Shrubs erect, 0.25--1 m. Bark gray, cracked and irregularly fissured. Branches alternate or whorled, rigid, angle of divergence about 45°. Twigs blue-green, becoming gray with age, glaucous, with numerous very fine longitudinal grooves; internodes 2--5 cm. Terminal buds conic, less than 4 mm. Leaves in whorls of 3, 2--5 mm, connate to 2/3 their length; bases becoming gray and shredded with age; apex acute. Pollen cones 1--4 at node, ovoid, 6--8 mm, sessile; bracts in 6--9 whorls of 3, cream to pale yellow, ovate, slightly clawed, 2--4 × 2--4 mm, membranous; bracteoles slightly exceeding bracts; sporangiophores 2--4 mm, exserted to 1/2 their length, with 5--8 sessile to short-stalked microsporangia. Seed cones 1--several at node, ovoid, 9--15 mm, sessile; bracts in 5 or 6 whorls of 3, obovate, 6--9 × 6--10 mm, papery, translucent with orange-yellow to greenish yellow center and base, base clawed, margins minutely dentate, undulate. Seeds 1--2(--3), ellipsoid, 7--10 × 1.5--3 mm, light brown to yellowish green, scabrous.
Coning spring. Dry rocky to sandy areas; 500--2000 m; Ariz., Colo., Nev., N.Mex., Tex., Utah; Mexico in Chihuahua.
Ephedra torreyana is known to form hybrids with two other species of Ephedra as reported and described by H. C. Cutler (1939). The first of these is E . × intermixta Cutler, the hybrid between E . torreyana and E . trifurca . This hybrid occurs in a small area of southwestern New Mexico (near Engle, Sierra County) within the zone of sympatry of the two parental species; it may be fertile (mature seeds are formed). It is intermediate in most characters but can be identified by its combination of the spinelike terminal buds of E . trifurca and the scabrous, light yellow seeds of E . torreyana .
The second hybrid is Ephedra × arenicola Cutler, the hybrid between E . torreyana and E . cutleri . This hybrid is known only from the type locality in extreme northeastern Arizona (near Dennehotso, Apache County) in an area of sympatry of the parental species. This hybrid is intermediate in most characters, but it can be distinguished by its combination of the setaceous leaves, viscid stems, and long-pedunculate seed cones of E . cutleri with the persistent, whorled leaves of E . torreyana .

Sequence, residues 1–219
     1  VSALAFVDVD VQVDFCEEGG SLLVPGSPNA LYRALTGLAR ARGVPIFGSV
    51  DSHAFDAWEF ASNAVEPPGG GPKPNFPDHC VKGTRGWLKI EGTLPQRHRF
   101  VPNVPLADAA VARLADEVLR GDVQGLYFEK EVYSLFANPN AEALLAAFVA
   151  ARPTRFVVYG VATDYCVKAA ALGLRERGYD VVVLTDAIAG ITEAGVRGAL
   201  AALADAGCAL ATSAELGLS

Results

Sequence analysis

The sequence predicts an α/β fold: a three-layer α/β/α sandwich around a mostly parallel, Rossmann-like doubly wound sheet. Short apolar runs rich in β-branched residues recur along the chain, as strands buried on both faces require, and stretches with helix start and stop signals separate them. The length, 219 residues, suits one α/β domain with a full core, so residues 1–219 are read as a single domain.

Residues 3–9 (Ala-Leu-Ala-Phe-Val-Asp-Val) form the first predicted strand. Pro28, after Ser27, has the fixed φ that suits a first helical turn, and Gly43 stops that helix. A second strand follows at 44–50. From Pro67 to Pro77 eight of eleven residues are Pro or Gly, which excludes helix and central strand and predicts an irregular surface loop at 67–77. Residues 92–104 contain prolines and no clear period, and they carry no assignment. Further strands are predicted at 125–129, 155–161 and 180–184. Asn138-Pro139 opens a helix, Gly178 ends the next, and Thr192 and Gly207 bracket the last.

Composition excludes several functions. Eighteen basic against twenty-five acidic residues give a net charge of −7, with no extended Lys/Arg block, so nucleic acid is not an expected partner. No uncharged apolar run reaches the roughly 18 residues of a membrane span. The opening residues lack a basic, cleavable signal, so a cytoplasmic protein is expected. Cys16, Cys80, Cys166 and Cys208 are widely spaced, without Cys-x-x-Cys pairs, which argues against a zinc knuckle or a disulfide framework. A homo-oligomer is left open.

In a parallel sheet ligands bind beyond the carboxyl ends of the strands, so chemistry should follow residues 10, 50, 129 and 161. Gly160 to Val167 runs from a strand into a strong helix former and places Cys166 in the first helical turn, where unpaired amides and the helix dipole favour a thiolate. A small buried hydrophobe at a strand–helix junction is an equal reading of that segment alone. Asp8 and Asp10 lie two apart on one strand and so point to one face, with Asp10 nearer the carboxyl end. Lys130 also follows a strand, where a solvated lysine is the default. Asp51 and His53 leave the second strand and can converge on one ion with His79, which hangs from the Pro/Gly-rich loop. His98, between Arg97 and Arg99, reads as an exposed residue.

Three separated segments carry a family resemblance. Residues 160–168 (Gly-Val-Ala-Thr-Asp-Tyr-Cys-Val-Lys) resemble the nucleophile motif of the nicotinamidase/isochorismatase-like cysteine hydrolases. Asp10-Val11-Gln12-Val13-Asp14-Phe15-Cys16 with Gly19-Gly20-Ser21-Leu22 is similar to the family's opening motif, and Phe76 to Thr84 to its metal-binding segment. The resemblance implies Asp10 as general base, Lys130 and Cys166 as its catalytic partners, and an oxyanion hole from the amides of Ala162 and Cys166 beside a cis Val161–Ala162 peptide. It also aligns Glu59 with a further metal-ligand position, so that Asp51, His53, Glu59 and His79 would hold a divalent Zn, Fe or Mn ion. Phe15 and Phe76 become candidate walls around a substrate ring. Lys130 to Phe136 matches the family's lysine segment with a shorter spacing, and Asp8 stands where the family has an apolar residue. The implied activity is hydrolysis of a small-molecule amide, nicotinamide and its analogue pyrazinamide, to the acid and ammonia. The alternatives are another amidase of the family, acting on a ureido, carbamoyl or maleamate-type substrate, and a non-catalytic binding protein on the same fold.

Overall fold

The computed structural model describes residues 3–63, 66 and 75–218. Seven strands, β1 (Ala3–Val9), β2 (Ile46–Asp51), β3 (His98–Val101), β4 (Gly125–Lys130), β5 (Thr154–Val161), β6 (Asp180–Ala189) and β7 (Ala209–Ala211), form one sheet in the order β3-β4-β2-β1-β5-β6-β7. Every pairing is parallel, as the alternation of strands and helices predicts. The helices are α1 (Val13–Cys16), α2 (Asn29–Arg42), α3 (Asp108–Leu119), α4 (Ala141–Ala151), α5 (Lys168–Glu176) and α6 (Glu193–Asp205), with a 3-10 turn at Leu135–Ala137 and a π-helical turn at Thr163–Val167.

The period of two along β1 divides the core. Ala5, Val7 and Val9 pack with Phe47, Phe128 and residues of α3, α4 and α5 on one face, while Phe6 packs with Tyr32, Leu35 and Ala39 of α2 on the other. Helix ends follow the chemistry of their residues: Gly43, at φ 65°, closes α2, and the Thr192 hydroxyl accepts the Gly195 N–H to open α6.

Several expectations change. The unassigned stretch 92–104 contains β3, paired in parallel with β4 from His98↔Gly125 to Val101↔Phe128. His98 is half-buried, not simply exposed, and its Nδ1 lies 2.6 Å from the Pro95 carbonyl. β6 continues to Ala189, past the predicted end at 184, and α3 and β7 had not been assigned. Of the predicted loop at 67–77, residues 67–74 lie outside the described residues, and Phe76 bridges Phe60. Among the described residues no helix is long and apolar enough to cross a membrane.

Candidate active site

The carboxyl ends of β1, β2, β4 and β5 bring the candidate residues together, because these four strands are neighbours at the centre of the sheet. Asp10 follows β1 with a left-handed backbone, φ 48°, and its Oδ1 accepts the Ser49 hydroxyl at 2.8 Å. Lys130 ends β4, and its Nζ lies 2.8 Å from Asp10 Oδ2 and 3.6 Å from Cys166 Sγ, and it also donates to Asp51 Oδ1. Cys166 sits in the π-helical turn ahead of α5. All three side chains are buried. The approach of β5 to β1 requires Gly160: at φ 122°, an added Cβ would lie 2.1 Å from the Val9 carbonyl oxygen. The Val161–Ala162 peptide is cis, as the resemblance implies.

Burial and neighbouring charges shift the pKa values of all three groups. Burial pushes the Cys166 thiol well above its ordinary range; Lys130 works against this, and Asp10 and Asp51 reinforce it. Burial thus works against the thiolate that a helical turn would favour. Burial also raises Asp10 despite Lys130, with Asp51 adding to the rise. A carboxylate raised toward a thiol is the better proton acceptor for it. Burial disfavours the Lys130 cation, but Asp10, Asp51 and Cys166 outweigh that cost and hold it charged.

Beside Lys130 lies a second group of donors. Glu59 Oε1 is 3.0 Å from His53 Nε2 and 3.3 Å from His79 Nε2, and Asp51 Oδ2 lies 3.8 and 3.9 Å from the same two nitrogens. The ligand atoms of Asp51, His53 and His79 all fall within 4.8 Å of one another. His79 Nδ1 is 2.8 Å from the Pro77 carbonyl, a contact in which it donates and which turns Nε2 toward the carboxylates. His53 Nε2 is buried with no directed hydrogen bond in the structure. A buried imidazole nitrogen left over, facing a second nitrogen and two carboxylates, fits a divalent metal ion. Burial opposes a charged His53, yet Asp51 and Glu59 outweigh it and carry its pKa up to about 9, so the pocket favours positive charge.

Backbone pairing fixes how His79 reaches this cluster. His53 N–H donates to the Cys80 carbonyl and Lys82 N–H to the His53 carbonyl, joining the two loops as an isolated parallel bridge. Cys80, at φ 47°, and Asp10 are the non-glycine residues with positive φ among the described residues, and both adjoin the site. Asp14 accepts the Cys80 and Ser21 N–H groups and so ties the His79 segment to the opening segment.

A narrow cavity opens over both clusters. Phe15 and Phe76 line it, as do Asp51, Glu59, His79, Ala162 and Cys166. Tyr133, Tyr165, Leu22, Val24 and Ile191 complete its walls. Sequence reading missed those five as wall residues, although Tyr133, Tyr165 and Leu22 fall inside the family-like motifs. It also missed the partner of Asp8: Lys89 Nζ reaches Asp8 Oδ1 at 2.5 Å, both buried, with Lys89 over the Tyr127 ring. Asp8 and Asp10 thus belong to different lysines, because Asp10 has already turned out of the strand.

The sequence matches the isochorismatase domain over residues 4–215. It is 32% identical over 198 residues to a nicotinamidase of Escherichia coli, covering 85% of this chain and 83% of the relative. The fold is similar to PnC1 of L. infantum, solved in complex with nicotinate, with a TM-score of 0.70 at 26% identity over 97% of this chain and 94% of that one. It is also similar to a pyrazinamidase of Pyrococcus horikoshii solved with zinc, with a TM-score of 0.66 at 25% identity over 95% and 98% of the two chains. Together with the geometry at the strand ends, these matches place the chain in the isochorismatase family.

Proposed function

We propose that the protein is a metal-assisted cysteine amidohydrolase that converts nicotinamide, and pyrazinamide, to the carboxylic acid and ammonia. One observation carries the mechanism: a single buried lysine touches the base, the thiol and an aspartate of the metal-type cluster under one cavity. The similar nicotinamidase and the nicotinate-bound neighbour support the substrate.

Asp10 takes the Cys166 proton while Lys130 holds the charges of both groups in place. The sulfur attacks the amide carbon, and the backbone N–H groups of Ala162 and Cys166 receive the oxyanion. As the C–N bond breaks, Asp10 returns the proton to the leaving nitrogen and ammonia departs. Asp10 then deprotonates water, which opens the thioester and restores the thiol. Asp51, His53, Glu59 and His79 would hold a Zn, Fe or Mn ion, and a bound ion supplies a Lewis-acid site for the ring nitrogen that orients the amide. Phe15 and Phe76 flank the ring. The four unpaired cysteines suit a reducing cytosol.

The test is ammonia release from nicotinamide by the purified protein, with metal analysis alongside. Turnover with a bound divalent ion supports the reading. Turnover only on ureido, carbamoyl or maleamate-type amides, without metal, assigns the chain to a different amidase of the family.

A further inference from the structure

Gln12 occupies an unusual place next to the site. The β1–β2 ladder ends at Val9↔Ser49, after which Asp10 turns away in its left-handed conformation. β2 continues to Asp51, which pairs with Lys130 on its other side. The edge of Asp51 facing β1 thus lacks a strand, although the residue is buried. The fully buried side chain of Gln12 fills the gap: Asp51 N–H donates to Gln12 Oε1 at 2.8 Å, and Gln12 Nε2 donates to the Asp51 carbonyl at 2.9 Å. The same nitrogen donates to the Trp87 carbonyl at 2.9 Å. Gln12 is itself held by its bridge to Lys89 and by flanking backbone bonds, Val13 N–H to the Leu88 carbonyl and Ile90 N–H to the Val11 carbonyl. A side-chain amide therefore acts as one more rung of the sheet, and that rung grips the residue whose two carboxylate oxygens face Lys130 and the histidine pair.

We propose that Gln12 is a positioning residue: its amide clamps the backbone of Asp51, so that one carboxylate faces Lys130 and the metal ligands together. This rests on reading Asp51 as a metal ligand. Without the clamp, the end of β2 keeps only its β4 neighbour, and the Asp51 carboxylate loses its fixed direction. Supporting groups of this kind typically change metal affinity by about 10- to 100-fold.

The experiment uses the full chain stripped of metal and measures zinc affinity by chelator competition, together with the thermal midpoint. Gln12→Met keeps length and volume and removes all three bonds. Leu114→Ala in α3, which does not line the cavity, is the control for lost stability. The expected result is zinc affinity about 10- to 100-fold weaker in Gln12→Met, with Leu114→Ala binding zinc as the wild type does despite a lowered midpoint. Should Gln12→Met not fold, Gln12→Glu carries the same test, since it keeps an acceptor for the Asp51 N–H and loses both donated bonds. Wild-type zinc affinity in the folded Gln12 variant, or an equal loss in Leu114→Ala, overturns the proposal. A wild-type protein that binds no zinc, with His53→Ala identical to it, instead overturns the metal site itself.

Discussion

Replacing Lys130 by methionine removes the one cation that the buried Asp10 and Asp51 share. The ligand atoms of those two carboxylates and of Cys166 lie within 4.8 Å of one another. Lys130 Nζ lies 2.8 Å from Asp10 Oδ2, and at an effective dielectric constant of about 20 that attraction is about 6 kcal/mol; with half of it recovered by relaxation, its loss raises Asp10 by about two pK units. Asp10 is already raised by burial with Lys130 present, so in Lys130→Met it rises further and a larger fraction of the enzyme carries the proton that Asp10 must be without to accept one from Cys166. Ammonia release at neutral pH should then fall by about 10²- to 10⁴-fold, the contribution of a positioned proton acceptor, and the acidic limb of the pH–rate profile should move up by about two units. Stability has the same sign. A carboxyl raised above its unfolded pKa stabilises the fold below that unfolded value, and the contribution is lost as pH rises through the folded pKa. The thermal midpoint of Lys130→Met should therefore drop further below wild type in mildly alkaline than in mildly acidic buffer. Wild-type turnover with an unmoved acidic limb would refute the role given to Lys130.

FNA 1993, Allred and Ivey 2012, Heil et al. 2013
Common Name: Torrey's jointfir Duration: Perennial Nativity: Native Lifeform: Subshrub General: Erect, much branched shrubs, up to 1 m tall, with jointed, blue-green to olive-green stems; bark on older stems is gray, cracked and irregularly fissured; branches rigid, solitary or whorled at nodes, with an angle of divergence of about 45°; twigs sometimes waxy (glaucous). Needles: Leaves reduced to small brown scales, 2-5 mm long, in whorls of 3 per node, connate (united) for up to 2/3 of their length; bases becoming gray and shredded with age. Cones: Dioecious (with male and female cones on separate plants); pollen (male) cones 1-4 per node, ovoid, 6-8 mm long, sessile, wrapped with 6-9 cream to pale yellow bracts, 2-4 mm long, arranged in whorls of 3; seed (female) cones solitary to several per node, ovoid, 9-15 mm long, sessile, wrapped in 5 or 6 whorls of bracts, each whorl consisting of 3 bracts, these obovate and papery (scarious), 6-9 mm long by 6-10 mm wide, translucent with an orange-yellow to greenish-yellow center and base. Seeds: Seeds usually 1-2 per cone, ellipsoid, 7-10 mm long and 1-3 mm wide, light brown to yellowish green. Ecology: Found on dry, rocky to sandy hillsides, from 1,500-6,500 ft (491-1981 m); cones form in springtime. Distribution: NV, UT, CO, AZ NM, TX; south to n MEX. Notes: Ephedra is an incredibly distinct genus, found throughout the American West and as far south as South America. They are much-branched shrubs with jointed, green stems and leaves that are reduced to tiny brown scales which can be found in pairs or sets of 3 at the stem nodes. E. torreyana is distinguished from most other Ephedra based on the cones being sessile and the leaves (tiny brown scales) in sets of 3 per node. E. trifurca also has these two traits, but its twigs are spine-tipped and quite sharp, and the leaves are a bit larger, 5-15 mm long (E. torreyana's leaves are 2-5 mm long). E. torreyana is especially common in the Colorado Plateau, but is also found throughout New Mexico. The species serves as food for wildlife and is eaten by livestock, especially sheep. Ethnobotany: A tea is made from steeping the stems in boiling water, and the seeds may be roasted and eaten. The stems contain high concentrations of tannin and were used to treat intestinal ailments. Etymology: Ephedra is the ancient Greek name for Hippuris (mare's tail, in Plantaginaceae), a plant that Ephedra somewhat resembles; torreyana honors John Torrey (1796-1873), distinguished botanist and colleague of Asa Gray. Synonyms: None Editor: AHazelton 2017